Dairy farmers should expect price volatility over the short term and should plan to cushion this, the Irish Dairy Board (IDB) has warned.

Speaking today at the launch of the Irish Dairy Board’s results for 2013, Kevin Lane, CEO of the Irish Dairy Board, said it would be ‘irresponsible” of the IDB not to warn farmers of volatility. “Farmers have to be worried about volatility. If I was a farmer I would be very concerned about volatility over the next five years.” He said dairy farmers should put good returns to one side to help offset this volatility. Milk prices, he warned, will possible drop to just below 30c/L. “It would be irresponsible for us to say there is nothing to worry about. This year won’t be as strong as 2013 for returns.”

However, Aaron Ford, Chairman of the IDB, said they are confident about dairy markets remaining strong and that demand will outstrip supply in the coming years. The aim of the IDB, he said, is build sustainable routes to market for its 14,000 members. He said the IDB will invest €70m in 2013 and 2014 in the UK, the US, Germany and Saudi Arabia, as well as its distribution channel (DPI) in the US.

China, he said, is a significant medium-term opportunity for Irish dairy produce, but the end products will need to be tailored to suit the consumer. “It is not a short-term opportunity. There is a free trade agreement with New Zealand (and China). We have to tailor our product for the market. If we go to China with our existing butter, spread and cheese product offering they would only appeal to the ex-pat consumer.” He said powders, dairy-based beverages and sweet cheeses are three areas the IDB will be looking to export to China, as they are what the market wants.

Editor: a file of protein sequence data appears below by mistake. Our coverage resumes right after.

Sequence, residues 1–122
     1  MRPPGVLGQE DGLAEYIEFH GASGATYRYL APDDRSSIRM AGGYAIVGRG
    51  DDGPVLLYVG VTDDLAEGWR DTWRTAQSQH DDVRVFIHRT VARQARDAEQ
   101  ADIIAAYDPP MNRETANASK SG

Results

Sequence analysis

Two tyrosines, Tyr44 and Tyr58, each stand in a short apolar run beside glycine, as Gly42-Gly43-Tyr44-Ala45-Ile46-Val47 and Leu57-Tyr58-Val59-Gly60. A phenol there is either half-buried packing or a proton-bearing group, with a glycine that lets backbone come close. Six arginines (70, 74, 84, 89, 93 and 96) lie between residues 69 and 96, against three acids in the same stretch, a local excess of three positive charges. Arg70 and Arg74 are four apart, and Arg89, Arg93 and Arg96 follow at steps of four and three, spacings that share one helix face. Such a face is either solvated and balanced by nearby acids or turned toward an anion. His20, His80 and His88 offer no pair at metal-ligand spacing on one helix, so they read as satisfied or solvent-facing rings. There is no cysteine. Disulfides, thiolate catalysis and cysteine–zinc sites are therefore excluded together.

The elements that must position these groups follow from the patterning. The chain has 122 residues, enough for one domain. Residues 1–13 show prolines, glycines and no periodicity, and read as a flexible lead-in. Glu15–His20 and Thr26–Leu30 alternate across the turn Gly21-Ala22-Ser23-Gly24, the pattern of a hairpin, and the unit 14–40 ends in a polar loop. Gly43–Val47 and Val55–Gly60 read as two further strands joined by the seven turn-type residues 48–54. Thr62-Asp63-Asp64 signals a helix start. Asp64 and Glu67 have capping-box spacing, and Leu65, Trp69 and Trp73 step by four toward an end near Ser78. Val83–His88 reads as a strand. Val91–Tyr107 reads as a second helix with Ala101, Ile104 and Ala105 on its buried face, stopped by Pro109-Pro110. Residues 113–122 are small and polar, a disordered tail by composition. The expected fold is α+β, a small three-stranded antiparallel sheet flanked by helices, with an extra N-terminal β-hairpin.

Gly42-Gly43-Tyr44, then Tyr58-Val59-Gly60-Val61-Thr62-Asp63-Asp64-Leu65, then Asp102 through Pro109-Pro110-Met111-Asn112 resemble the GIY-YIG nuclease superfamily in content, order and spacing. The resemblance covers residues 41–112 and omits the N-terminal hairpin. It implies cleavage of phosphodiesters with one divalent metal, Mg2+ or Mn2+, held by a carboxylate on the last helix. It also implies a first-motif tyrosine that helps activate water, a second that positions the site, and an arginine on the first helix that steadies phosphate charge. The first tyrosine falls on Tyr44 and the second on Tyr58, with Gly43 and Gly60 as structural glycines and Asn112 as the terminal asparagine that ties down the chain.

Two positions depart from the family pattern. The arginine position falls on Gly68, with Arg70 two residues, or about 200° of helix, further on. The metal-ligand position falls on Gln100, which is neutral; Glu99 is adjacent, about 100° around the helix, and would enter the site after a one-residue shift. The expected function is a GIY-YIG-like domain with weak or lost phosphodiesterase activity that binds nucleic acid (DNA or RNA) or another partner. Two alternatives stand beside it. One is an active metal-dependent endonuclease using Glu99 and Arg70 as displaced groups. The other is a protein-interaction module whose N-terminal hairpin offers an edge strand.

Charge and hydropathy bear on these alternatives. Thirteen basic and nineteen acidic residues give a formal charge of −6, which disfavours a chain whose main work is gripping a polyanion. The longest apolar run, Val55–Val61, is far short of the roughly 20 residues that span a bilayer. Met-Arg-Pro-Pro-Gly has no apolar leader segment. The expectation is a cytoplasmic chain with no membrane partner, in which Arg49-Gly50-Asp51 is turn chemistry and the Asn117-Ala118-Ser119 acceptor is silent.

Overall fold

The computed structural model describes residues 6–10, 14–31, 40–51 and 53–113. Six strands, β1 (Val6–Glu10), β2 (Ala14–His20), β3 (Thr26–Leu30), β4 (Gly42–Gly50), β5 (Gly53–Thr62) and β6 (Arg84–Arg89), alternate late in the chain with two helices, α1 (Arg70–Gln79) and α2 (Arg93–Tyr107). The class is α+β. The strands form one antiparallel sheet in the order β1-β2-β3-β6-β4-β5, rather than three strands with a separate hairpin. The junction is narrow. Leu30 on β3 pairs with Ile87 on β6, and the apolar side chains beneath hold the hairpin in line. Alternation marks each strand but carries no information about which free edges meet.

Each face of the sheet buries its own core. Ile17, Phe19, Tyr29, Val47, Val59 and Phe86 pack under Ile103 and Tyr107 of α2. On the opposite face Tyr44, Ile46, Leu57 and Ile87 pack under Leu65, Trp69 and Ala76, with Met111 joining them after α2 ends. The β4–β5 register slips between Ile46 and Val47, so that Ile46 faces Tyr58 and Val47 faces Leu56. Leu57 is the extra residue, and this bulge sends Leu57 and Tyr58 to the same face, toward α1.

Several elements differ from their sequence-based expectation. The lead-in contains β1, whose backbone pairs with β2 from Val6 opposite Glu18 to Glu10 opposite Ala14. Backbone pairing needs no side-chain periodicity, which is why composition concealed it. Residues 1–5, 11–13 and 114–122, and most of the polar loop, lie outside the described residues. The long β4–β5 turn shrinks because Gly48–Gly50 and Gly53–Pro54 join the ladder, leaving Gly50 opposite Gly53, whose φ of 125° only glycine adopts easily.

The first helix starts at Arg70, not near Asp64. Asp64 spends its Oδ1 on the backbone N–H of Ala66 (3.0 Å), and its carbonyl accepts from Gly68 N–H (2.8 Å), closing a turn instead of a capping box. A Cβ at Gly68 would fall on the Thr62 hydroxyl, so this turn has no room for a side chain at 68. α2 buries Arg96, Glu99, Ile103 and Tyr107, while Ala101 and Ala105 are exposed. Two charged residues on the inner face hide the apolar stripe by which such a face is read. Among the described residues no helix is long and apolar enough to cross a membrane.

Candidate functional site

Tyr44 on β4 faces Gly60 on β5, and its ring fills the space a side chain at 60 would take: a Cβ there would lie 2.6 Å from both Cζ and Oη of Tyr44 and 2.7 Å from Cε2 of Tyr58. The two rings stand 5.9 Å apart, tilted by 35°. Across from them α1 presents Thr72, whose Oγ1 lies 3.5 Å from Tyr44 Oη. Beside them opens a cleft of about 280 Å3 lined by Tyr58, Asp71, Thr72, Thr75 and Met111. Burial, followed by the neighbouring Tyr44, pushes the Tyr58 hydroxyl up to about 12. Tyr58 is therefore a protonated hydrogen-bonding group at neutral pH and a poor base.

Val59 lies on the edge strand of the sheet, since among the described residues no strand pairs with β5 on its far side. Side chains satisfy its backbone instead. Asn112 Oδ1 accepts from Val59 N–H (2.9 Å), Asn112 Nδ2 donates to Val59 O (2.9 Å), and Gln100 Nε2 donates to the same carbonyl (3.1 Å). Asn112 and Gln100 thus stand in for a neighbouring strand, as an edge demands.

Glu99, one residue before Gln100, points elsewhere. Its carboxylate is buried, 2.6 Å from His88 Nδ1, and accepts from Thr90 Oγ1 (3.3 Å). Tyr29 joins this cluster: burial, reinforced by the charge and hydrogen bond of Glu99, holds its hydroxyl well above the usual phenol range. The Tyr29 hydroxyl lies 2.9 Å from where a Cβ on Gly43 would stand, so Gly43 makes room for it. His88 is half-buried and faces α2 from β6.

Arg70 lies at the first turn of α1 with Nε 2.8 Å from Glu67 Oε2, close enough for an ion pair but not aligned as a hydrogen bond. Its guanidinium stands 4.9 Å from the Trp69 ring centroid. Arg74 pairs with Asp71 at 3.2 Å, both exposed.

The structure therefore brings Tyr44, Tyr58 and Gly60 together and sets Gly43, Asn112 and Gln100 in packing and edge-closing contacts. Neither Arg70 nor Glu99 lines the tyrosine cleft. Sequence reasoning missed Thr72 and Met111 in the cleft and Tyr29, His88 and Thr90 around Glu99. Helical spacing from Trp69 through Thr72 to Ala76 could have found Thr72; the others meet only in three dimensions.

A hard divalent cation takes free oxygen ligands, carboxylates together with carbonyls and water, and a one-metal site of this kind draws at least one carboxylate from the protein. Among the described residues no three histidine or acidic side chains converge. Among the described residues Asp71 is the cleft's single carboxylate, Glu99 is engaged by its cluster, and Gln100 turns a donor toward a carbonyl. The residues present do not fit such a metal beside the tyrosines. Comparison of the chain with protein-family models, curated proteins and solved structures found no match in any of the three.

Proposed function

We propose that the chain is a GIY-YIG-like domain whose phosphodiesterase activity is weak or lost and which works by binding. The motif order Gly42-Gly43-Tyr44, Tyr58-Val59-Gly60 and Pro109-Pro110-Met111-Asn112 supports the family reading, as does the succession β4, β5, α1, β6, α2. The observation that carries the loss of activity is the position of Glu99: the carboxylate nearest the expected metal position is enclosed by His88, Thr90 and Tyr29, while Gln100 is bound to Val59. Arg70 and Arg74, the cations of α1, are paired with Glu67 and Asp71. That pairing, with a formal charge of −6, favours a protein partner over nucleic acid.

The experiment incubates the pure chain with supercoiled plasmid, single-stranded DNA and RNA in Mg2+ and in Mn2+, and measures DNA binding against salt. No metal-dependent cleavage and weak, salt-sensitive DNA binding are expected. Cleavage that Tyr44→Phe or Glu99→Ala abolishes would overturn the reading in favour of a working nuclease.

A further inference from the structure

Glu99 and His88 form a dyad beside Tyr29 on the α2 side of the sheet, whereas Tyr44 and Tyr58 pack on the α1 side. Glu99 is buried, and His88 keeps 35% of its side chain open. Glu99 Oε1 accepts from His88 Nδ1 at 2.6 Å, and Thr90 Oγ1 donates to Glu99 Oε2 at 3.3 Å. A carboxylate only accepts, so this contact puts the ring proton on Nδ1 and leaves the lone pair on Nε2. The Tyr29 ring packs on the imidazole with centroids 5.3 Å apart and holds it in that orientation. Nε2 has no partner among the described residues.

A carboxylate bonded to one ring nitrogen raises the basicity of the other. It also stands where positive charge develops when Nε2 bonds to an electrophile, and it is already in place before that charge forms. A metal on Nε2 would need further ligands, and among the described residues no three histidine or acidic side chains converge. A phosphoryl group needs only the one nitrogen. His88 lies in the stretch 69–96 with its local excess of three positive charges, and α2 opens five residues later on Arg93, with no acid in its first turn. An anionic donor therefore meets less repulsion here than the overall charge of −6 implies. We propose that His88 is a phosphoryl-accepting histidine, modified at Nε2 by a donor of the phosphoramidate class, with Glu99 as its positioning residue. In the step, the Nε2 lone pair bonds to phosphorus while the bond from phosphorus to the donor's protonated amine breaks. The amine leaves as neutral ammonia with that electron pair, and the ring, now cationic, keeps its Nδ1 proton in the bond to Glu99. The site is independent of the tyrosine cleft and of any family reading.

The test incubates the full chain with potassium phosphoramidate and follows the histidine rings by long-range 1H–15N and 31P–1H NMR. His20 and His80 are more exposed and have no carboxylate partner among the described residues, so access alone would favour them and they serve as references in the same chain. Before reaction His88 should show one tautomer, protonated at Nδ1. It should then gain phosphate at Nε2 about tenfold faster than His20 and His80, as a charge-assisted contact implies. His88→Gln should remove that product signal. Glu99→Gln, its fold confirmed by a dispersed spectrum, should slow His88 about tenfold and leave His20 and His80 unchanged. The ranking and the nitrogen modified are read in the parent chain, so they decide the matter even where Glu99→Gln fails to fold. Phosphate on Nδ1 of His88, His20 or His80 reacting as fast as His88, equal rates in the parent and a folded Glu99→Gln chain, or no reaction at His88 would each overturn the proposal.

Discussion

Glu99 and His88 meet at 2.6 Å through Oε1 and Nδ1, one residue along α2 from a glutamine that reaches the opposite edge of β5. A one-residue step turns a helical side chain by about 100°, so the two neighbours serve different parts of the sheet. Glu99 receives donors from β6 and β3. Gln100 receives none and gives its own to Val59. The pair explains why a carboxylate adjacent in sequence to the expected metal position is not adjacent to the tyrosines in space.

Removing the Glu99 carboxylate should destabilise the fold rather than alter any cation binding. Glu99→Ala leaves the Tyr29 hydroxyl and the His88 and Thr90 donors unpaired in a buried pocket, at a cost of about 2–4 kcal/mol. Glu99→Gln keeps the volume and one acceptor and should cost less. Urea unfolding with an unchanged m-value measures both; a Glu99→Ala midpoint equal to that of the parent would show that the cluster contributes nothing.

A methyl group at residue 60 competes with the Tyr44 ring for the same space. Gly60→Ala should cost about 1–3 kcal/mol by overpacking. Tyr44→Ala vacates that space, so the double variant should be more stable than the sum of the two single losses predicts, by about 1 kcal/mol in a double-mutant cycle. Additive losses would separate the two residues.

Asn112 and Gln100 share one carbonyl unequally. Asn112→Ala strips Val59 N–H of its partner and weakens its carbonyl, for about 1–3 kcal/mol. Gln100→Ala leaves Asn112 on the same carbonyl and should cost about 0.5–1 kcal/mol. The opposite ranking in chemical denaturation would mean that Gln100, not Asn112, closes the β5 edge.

The IDB has a team in Shenzhen, China, which, he said, is looking at the market and the competition. He also said the IDB has started searching for acquisitions in China to help it get a foothold it the market.

The IDB reported cash reserves in its results which, Kevin Lane said, would be used for three things:

  • investing in brands;
  • investing in long-term capital expenditure; and,
  • a more ambitious acquisition journey for the IDB.